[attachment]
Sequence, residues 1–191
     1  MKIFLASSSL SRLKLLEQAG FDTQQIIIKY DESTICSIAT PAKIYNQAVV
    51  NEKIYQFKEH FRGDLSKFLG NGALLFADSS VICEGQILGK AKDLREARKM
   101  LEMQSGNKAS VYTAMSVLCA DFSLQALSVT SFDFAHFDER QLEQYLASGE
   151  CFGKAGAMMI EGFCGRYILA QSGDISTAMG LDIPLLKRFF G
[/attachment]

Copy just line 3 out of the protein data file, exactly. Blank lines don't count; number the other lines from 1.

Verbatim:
    51  NEKIYQFKEH FRGDLSKFLG NGALLFADSS VICEGQILGK AKDLREARKM